The Vanier Suites illustrate the direction of the L’Arche Canada Growth Initiative. This project and others in various stages of development are bringing the Mission of L’Arche to life in new ways, “responding to the changing needs of our members (current and potential) while being faithful to the core values of our founding story.” This means learning from the experience of those in L’Arche communities (e.g. Arnprior and Stratford) who provide Supported Independent Living. And learning from the Elmira folks and others developing new forms of housing and the business models necessary to develop them. It also means discerning what is essential about the vision and values of L’Arche that must be renewed as we innovate and grow.

While it’s clear that we have a lot to learn, L’Arche also has a lot to contribute to the conversation about building inclusive communities. In fact, that 2006 CMHC paper also named the L’Arche model. “L’Arche was the only group home that was identified as a best practice. L’Arche homes exist in a number of provinces. All are faith-based, geared to aging in place, and feature employees who function more like family members than staff.”

Traditional L’Arche homes where persons with and without intellectual disabilities live, learn, and grow together remain an innovative housing model – as long as they remain places of welcome, are person-centred, nurture mutual relationships and interdependence, and create inclusion in the wider community.

Developing a wider range of options and person-centred planning is key to ensuring that each person has meaningful choice of where they live and the opportunity to follow their dreams. Like Katherine, most of us want to grow to our full potential and have a healthy amount of personal space and control, yet also have strong relationships with our neighbours and the people who know and love us. That’s the recipe for an inclusive community.


A Hero Behind the Scenes

Beyond firefighters, medical staff, social workers and police officers, the COVID-19 pandemic has taught us that there are even more heroes among us. Truck drivers, grocery store clerks, cooks and couriers now rightfully hold an esteemed place in our collective consciousness as they put their health at risk to keep society functioning.

From Hyderabad to Lethbridge Who Would’ve Thought?

After Roop Chittineni finished high school in his hometown of Hyderabad, India he moved to Southern Ontario to pursue a degree in Kinesiology at the University of Waterloo. He liked exercising and thought that if he learned more about the human body he could use that knowledge to elevate everyone’s life experience.

Memory Box: Pinewood Floorboards

What does a set of 1940s floorboards have to teach us about COVID living?

Stepping Up

When Canada’s Chief Public Health Officer stated that non-medical masks limit the transmission of COVID-19, L’Arche Saskatoon’s artsy residents also got to work. Out came the fabrics, scissors, thread and needles. Brock wanted to contribute using two of his greatest assets: his feet.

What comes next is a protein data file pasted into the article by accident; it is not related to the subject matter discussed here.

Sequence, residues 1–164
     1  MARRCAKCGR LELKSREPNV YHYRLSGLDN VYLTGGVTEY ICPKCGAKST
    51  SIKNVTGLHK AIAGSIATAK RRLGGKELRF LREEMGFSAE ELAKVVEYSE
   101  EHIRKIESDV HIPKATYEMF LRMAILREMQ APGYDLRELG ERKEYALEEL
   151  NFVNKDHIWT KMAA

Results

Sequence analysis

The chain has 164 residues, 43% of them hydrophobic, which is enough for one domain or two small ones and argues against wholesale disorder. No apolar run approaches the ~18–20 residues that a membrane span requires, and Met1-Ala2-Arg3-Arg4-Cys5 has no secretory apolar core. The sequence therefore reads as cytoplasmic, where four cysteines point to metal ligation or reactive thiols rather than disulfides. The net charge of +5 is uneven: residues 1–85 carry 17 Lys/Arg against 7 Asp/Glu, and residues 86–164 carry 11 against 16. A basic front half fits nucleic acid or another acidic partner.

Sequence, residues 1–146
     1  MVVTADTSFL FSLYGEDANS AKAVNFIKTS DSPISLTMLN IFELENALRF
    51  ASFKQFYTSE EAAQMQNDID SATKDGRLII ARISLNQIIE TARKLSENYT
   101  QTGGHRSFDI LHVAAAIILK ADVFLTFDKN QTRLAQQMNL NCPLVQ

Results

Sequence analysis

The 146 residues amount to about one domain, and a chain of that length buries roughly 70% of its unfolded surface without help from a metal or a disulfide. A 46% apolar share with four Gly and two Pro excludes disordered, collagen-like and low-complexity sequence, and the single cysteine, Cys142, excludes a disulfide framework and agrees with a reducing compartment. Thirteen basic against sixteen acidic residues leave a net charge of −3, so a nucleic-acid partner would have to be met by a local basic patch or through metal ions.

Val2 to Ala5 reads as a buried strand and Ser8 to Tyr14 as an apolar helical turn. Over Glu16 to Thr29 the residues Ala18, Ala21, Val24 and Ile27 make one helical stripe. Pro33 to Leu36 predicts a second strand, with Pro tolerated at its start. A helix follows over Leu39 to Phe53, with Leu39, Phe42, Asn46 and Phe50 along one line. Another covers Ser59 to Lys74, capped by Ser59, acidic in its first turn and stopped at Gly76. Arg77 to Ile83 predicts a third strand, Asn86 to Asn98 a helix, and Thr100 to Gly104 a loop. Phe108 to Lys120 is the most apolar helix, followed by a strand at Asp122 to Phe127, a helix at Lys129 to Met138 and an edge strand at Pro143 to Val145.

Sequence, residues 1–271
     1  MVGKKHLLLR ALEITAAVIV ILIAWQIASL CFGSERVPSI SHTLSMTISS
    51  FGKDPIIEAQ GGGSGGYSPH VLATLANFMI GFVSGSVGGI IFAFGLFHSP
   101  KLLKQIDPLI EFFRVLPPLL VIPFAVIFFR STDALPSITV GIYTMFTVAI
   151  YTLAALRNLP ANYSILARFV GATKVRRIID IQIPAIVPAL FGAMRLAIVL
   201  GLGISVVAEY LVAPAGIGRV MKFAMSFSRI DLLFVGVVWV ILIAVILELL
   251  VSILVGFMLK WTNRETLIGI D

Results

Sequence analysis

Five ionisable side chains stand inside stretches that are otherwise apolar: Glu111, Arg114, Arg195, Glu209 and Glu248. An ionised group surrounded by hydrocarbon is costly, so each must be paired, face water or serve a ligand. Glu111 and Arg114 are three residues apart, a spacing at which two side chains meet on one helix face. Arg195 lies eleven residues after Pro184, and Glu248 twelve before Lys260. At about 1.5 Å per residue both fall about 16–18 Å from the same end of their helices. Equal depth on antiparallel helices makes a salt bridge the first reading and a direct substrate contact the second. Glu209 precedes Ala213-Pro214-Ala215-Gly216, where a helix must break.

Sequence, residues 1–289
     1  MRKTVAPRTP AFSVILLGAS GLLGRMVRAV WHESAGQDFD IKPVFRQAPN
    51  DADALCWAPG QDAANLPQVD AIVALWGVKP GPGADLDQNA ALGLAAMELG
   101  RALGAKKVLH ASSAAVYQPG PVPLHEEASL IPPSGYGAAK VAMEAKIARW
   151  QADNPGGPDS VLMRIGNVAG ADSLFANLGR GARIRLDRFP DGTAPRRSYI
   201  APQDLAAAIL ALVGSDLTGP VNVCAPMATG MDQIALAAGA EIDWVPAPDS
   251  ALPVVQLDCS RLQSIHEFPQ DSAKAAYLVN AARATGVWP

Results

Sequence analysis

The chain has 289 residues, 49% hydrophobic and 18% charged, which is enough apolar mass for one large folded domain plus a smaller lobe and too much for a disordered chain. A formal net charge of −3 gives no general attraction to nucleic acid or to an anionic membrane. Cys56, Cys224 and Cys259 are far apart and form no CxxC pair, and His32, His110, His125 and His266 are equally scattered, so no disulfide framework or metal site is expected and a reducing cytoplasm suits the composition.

A Light Ahead

The social distancing caused by the pandemic has been trying. Thankfully, aside from those who have donated their time, money and ingenuity to help L’Arche, there are the health care workers, grocery store clerks and all those on the front line who are helping the L’Arche community get through this crisis. With their help, it won’t be long until the Gathering Place opens again and the community starts making new memories.

Second Life

Kris first met Joanna in L’Arche London, Ontario. She encouraged Kris to join L’Arche, and he did. They lived and worked side-by-side for six years until Kris moved to Nova Scotia. Still, they managed to see each other a few times a year and occasionally called one another about matters of life and faith. But this call was different.

The Gift of Dance

Dance is a profound gift; it’s an artistic expression, a mood enhancer, a workout, a surefire way to impress a date and a form of magic. A dancer can transform into a flower, a lion or their favourite pop star. Above all, dance is an act of joy. (We dare you to wiggle around for a minute and not feel happier than you were before.) The gift of dance, and all it provides, has found its way into L’Arche.

Life’s Tough Obstacles

It was late June. A park in Edmonton had been reserved. Food was stacked on picnic tables. Local students of all ages were dressed in taekwondo uniforms, preparing for their annual Break-a-thon. The Break-a-thon is an innovative fundraiser where martial arts students showcase their skills by breaking boards. For each broken board, donations are pledged and raised for L’Arche.

Taking our place in the inclusion movement

It is an important time for the accessibility and inclusion movement in Canada and the world, and L’Arche Canada is developing our capacity to take our place.

Silent encounter with the “man who repairs women”

Denis Mukwege begs us empathetically to remain attentive, to listen deeply to what is inherent in our human condition: our sensitivity and vulnerability.